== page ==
Writing –  54%+ (4%GD)
Maths – 68%+  (8%GD)
Combined: 46%

2020/21 Year 1 Phonics screening check
Taken Year 2 December post lockdown 2:
76% (86% with disaggregated 2 x new EAL and 1 x GRT new child

Historic Outcomes for Academic Year 2018/19

Our SATs results for the end of Key Stage Two, were very disappointing for us all in school. The children and their teacher could not have worked harder in Year 6. However, on the day of national tests, we had a small group of children who missed the national pass mark by one or two marks. If these children had ‘got over the line’ on the day, our outcomes would have been stronger than the previous year. These children did their best on the day, were ready for secondary school and we are proud of what they did achieve.

We would like to reassure all parents that we have a very detailed plan for improving our school outcomes over the next three to five years. We have made great strides last year in reforming the school (2018/19) and in developing the quality of education at SVP. At this point, our outcomes have not yet caught up with our strategy – but they will.

Contextual Information for KS2 outcomes in 2018/19

Three children were one or two marks (99 or 98) off the scaled score of 100 (the national standard) in one subject in either Reading or Maths for combined, having attained national expected in Writing and 100+ score in either Reading or Maths.

Had these three children attained the scaled score of 100, in both Reading and Maths, (along with their writing) the combined score for our school would have been 40%. This is still very low but equally, it is close to our lowest prediction based on ongoing assessment before national tests in Year 6. On the day, three children narrowly missed meeting the national standard.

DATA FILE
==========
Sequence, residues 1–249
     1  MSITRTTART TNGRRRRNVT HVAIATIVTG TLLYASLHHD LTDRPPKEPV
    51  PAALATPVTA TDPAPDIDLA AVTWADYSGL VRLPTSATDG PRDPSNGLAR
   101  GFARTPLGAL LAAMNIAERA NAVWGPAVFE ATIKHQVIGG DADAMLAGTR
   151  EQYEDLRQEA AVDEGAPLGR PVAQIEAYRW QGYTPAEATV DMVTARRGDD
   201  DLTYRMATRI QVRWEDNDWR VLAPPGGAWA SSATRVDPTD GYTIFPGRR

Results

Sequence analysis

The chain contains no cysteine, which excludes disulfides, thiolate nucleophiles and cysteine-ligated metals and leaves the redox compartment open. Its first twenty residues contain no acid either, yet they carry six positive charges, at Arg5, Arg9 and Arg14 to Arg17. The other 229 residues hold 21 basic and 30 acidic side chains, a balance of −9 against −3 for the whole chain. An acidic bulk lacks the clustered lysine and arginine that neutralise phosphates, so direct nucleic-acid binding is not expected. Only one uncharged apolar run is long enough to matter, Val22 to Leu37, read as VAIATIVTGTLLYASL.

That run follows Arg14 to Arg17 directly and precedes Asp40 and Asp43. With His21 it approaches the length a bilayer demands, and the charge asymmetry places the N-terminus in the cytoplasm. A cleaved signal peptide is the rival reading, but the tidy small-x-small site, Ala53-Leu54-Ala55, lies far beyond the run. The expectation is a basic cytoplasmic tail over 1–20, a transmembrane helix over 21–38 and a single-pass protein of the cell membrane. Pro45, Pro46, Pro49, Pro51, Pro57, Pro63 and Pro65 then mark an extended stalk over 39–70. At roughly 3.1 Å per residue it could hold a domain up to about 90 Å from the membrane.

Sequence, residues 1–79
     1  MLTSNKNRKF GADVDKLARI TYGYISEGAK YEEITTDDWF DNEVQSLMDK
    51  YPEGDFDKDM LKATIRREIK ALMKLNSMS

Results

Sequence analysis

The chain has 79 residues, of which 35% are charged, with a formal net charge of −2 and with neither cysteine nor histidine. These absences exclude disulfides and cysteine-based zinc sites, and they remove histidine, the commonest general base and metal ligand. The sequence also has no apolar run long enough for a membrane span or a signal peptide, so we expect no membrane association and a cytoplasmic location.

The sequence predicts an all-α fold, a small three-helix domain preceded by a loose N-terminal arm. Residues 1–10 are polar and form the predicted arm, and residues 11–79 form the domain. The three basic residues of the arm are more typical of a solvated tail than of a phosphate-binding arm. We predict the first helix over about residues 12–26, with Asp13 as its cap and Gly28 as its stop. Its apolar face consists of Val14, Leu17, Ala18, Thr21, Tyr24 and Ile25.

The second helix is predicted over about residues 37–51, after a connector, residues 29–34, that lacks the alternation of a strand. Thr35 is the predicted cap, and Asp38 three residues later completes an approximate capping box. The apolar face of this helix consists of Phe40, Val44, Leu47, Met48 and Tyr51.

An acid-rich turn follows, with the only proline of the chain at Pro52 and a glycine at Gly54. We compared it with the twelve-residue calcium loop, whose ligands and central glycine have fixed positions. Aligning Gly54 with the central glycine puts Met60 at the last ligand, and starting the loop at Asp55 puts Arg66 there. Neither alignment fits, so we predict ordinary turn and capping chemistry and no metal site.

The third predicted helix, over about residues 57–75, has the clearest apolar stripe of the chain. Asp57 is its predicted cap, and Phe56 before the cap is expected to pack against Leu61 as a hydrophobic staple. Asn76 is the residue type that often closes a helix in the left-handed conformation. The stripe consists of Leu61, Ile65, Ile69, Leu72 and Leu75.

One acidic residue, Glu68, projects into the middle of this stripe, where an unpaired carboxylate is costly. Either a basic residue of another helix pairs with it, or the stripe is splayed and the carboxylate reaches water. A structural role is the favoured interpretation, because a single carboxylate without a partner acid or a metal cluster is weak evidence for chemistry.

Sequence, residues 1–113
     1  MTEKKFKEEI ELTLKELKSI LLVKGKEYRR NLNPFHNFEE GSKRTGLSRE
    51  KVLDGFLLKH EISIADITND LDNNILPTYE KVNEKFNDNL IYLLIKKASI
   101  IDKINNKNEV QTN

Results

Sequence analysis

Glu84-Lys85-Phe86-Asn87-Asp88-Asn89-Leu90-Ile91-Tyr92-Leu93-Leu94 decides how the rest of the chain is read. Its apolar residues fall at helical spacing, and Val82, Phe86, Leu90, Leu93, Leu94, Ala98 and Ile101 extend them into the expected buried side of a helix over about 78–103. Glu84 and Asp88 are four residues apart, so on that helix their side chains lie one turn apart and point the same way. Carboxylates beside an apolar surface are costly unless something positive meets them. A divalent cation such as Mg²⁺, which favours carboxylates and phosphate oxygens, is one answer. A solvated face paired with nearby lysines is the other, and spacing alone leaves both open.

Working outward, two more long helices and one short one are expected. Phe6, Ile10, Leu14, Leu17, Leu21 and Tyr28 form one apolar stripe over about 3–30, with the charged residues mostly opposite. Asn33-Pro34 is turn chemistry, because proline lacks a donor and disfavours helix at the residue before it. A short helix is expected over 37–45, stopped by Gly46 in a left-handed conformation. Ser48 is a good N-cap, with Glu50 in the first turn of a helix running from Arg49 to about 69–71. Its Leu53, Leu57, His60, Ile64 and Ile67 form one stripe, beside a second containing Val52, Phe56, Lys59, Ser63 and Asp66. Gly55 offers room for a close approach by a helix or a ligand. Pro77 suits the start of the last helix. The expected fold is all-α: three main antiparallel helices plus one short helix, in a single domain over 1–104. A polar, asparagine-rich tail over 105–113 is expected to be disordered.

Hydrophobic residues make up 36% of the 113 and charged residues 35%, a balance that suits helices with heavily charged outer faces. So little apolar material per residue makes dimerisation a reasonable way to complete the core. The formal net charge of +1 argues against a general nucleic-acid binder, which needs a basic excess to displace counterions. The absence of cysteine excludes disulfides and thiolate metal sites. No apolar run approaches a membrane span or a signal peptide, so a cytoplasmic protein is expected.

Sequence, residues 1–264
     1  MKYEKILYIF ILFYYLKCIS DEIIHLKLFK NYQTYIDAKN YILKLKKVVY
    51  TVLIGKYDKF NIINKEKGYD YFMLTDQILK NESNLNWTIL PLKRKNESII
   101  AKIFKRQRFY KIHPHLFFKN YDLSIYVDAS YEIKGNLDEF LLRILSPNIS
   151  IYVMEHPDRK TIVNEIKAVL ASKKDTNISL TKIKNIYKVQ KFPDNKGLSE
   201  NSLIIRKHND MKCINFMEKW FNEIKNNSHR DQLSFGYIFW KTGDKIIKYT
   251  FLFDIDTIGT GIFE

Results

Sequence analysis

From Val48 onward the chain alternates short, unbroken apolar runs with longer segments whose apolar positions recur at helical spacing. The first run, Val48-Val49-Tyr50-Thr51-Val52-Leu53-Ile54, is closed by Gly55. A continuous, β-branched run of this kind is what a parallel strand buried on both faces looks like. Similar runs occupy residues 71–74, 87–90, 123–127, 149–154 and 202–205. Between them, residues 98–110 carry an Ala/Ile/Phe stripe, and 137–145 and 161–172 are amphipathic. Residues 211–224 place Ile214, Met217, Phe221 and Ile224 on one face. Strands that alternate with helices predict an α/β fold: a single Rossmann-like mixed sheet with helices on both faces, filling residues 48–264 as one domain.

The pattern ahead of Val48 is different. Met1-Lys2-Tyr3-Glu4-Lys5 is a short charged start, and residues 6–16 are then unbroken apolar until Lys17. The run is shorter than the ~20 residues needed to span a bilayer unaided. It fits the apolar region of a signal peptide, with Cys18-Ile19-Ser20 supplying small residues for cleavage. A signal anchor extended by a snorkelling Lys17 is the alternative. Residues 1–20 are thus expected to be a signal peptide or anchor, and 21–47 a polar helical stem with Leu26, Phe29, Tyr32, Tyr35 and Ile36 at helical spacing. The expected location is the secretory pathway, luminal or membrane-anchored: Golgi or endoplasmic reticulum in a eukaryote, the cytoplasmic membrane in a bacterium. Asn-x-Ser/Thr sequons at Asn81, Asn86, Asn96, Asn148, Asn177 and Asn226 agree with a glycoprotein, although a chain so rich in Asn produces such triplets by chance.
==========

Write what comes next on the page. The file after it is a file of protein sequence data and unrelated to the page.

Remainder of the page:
One additional child was one mark off Reading (99) and two off in Maths (98), having attained Writing. If, on the day, this child’s close to national outcome had met the scaled score of 100, we would have attained 43% for combined.

This cohort had a high percentage of SEND (33% of the class) with 67% disadvantaged children. 19 children were boys and 11 girls.

DfE Data Management Function

We now have the data management function in the DfE standards website to re-calculate results when there is a high percentage of children with SEND+ in a class. When this function is applied, our combined score is 43%.

All our children, including those with SEND and barriers to their learning, did their best during the test week; we are proud of all of them.

Moving forward, we are leaving no stone unturned as we continue to develop the quality of education at SVP which is designed to give all our children three key attributes for life:

  1. To gain Mastery of Knowledge and Skills
  2. To produce High Quality Work
  3. To have Good Character – and be an Ethical Person